Oxford PV Takes a Quantum Leap at Solar Power Technology


A UK-based firm has got it to lead commercially produced solar panels ahead of competitors dedicated to solar power technology advancement.

The summer of 2021 seems exciting for British houses as a UK firm is ready to launch breakthrough solar power technology. The technology will use crystal discovered 200 years ago to harness solar energy.

Based in Oxford, the solar power technology firm hopes to start manufacturing the solar panels by the end of 2020 and ready them for the first market launch in early 2021.

The company, Oxford PV, is excited to be leading this next-generation perovskite solar panel manufacturing that’ll generate three-times more electricity than traditional silicon-based solar panels.

Today, the climate crisis is a significant concern. Researchers around the world are talking about using clean energy. In this regard, this solar technology solution by Oxford PV comes as a tour-de-force helping humanity offset their guilt.

Clean energy is costly; sustainability is a concern. So, to make it affordable, Oxford PV has ideated the strategy to coat traditional solar power cells with perovskite and increase power generation. In general, a silicon solar cell converts up to 22% of the solar energy into electricity. But according to successful research conducted in June 2018, Oxford PV’s perovskite-on-silicon solar cell converts a record 27.3% electric power.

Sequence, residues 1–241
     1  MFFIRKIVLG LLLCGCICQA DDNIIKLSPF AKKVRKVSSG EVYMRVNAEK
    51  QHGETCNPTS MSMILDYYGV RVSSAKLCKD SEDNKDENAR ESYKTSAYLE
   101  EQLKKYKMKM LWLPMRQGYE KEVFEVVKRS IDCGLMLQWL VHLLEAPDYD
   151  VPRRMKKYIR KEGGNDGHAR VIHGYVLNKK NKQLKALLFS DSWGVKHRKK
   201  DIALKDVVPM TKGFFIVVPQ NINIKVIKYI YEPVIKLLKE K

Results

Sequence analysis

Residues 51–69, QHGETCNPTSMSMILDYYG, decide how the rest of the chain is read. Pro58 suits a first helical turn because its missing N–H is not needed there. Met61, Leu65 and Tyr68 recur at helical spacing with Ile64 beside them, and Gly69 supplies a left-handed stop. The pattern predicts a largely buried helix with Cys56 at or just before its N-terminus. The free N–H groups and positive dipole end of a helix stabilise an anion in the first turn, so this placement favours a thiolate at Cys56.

Oxford PV seems to have focused on the look and feel of these proposed solar panels. Instead of a blue tint, the perovskite-coated solar panels will appear black and camouflage in better with rooftop slates of British houses.

The chief technology officer at Oxford PV, Dr. Chris Case, says that perovskite is “a true change” in solar technology that remained the same since its development in the 1950s. Dr. Case further adds that “Silicon has reached its culmination of capability.” With a room for plenty of improvements to optimize production opportunities, the industry so far was generations afar from realizing the ubiquity of perovskite on traditional solar panels.

First discovered in the Ural mountains in 1839, the crystal mineral was a prime hangout for scientists worldwide trying to figure out how it could help generate more renewable electricity at a lower cost.

From a business point of view, in 2010, Oxford PV won a government-fund of £100,000. Later, the firm attracted equity investment from Norway’s oil giant Equinor, Legal & General Capital, and Goldwind, a Chinese renewables giant. Now, being the first of the tribe to develop these perovskite coated solar panel technology and make them commercially available, the company will have a significant advantage over rivals.

At the moment, many companies are working on perovskite for various technological usage, including space exploration. But according to Oxford PV, their work in the area of commercial solar panel innovation will stick through the future the way silicon and perovskite are going to jam electric supply.



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